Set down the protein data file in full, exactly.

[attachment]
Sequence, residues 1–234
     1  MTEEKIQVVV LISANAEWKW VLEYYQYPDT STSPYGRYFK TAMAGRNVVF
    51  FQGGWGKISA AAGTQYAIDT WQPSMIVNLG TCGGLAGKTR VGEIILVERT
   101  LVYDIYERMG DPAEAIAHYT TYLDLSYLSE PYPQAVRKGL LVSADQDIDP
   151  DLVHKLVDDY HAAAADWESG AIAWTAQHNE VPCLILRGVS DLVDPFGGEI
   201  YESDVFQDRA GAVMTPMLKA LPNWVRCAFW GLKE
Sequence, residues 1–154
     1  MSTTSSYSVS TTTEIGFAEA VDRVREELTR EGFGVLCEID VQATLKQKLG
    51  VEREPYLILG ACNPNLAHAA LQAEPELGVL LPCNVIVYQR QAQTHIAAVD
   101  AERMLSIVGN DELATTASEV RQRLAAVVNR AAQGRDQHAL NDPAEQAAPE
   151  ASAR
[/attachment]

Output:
Sequence, residues 1–234
     1  MTEEKIQVVV LISANAEWKW VLEYYQYPDT STSPYGRYFK TAMAGRNVVF
    51  FQGGWGKISA AAGTQYAIDT WQPSMIVNLG TCGGLAGKTR VGEIILVERT
   101  LVYDIYERMG DPAEAIAHYT TYLDLSYLSE PYPQAVRKGL LVSADQDIDP
   151  DLVHKLVDDY HAAAADWESG AIAWTAQHNE VPCLILRGVS DLVDPFGGEI
   201  YESDVFQDRA GAVMTPMLKA LPNWVRCAFW GLKE
Sequence, residues 1–154
     1  MSTTSSYSVS TTTEIGFAEA VDRVREELTR EGFGVLCEID VQATLKQKLG
    51  VEREPYLILG ACNPNLAHAA LQAEPELGVL LPCNVIVYQR QAQTHIAAVD
   101  AERMLSIVGN DELATTASEV RQRLAAVVNR AAQGRDQHAL NDPAEQAAPE
   151  ASAR